with Sabrina Brando, Director of AnimalConcepts and Jon Coe, Director John Coe Design
Non-public animal areas in zoos, often called “back of house” (henceforth BOH), also “off-display”, “bedrooms”, or “holding areas”. Progress has been made improving animal quality of life in larger, more naturalistic and enriched indoor areas. However, we observe that quality of life in the BOH areas has improved little in comparison and can result in animals being confined in less stimulating and enriching spaces for substantial periods of the 24-hour day. This presentation will give an overview of our research in order to substantially improve animal welfare in BOH areas and conclude by suggesting a new integrated design model based not upon rote standards, and copying old models, but building rather on empirical foundations while embracing empathy and innovation.
with Jim Mackie from ZSL London Zoo
This webinar demonstrates how science-based animal training has a significant welfare benefit on all kinds of animals in Zoos and aquaria, in many different ways. From arapaima to zebra, and everything in between, we will show how training is not just for the flagship mammals, but for every type of animal in the zoo. Using examples from across the taxonomic groups, we will explore the diverse ways in which Zoo animal caregivers are replacing traditional methods of husbandry and medical care, such as manual restraint, with a co-operative and progressive approach, and provide evidence into how this change is having a positive impact on Zoo animal welfare, whatever the animal.
with Dr Sally Sherwen from Zoos Victoria
Exciting new research and developments are underway that demonstrates the interconnectedness between staff well-being and positive workplace culture, animal welfare standards and conservation outcomes. Historically, many have considered these areas as conflicting priorities that need to compete for resourcing within and between organisations. But science is now demonstrating the extent of overlap across these focus areas and potential for significant advancements if we re-imagine how we approach our zoo-based work programs. In this talk, I’ll use case study examples of what we’ve learned from better integrating programs of work across various disciplines and departments in an effort to expand reach and impact of our work.
with Dr Isabella Clegg from Animal Welfare Expertise
Zoos and aquaria have made significant progress in developing their understanding and measurement of animal welfare over the last decade. Many institutions are therefore looking to further advance their welfare programs to be able to take more detailed welfare data, and more efficiently. This presentation lays out the next steps for such organisations, including identifying “high-risk” species and prioritising them by conducting detailed, species-specific welfare assessments on these animals to improve their welfare and increase transparency for the public. The C-Well Assessment for dolphins will be described as an example of such a tool, and the latest updates and findings will be discussed. Another important element of zoo welfare programs is the use of technology to aid welfare data collection, and AnimalCare Software’s recently released welfare templates will be showcased here as a powerful platform for efficiently gathering data and most importantly, it allows instant analysis of huge datasets so that results can be used to make real time improvements.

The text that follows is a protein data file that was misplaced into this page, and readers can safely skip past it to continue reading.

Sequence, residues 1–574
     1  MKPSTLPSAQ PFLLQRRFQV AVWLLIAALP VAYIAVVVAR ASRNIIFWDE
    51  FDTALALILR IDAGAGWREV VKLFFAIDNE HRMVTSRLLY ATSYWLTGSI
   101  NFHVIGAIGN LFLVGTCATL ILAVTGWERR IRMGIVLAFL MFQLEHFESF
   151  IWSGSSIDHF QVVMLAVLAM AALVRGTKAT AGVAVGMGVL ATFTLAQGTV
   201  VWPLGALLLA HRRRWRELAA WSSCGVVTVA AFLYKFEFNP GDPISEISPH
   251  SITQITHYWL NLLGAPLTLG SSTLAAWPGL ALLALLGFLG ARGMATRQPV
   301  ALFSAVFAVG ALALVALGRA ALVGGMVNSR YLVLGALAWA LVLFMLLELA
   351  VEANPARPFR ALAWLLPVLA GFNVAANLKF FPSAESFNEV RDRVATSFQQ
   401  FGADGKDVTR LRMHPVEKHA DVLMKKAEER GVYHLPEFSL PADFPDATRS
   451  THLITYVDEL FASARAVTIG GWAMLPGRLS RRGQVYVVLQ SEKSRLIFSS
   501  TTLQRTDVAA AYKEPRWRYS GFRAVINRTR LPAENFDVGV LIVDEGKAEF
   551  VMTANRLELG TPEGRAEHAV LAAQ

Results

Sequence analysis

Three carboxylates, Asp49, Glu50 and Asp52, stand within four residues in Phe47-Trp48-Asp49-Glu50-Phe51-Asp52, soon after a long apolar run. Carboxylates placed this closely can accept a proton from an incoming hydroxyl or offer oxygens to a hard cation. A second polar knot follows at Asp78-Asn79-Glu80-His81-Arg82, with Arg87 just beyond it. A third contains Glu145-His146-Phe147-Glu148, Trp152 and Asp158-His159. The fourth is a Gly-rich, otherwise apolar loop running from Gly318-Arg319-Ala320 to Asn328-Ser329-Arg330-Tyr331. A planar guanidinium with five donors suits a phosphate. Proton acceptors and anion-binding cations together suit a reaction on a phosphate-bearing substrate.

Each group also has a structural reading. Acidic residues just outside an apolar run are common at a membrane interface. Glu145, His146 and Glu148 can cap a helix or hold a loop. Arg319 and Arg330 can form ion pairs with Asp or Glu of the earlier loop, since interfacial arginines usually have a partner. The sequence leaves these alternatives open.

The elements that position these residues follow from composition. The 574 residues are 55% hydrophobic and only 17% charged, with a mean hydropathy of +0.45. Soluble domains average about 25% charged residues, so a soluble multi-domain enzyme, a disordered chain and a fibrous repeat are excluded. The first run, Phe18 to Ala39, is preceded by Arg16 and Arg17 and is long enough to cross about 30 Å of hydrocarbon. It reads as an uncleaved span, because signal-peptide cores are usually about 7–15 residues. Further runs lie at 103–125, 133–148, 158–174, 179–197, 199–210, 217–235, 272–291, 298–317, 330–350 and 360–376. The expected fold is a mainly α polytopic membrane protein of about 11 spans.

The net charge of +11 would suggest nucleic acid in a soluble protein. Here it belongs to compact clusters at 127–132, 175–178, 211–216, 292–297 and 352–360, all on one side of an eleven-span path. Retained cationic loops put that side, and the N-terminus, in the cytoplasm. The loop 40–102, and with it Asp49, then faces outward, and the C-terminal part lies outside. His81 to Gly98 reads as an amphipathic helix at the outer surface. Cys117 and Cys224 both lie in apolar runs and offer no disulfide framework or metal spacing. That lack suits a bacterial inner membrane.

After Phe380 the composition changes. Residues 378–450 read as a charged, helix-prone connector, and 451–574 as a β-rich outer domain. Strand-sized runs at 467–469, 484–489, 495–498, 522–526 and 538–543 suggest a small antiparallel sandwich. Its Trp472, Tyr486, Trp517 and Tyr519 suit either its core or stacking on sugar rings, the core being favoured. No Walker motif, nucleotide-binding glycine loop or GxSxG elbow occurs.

The 'Five Domains' model with guest Associate Professor Ngaio Beausoleil
The Five Domains Model has been used to guide assessment of animal welfare for 25 years and has been regularly extended and updated during that time to reflect evolution of thinking and knowledge about animals and their welfare. Using the model, information about the observable/ measurable state of the animal is compiled in four physical/functional domains relating to its: 1. Nutrition/Hydration; 2. Physical Environment; 3. Health; and 4. Behavioural Interactions. This information is then used to cautiously infer the animal’s likely mental experiences, which are most relevant to its welfare state, in Domain 5: Mental State. The latest version of the model focusses attention on the welfare implications of animals’ various interactions with humans, primarily through evidence compiled in Domain 4. This extension of the model and illustrations of the mental experiences arising from animal-human interactions will be useful for those caring for animals in a wide range of contexts.
Institutional Welfare Assessment Tool Development and Application; unexpected learnings with Dr Sally Sherwen
This webinar will focus on the process that Zoos Victoria went through in developing a welfare risk assessment tool based on the five domains (with collaboration with Prof David Mellor). The process has been trialled and refined over the past 4 years, and as such, they can draw on a relatively long-term dataset to present changes and progress over time. Sally will also discuss the challenges and limitations of the process, as well as the value it has brought to advancing welfare standards across Zoos Victoria
How can we tell if animals are optimists or pessimists? Designing cognitive bias tests to measure animal welfare in zoos and aquaria with Dr Isabella Clegg
Cognitive bias tests can reveal whether animals make more optimistic or pessimistic judgements of ambiguous stimuli. They remain one of the most valid tools for measuring welfare, where results show animals in poor welfare judge more pessimistically, and vice versa. While these tests have been widely applied to farm, domestic and laboratory species, only a few studies have taken place in zoos and aquaria.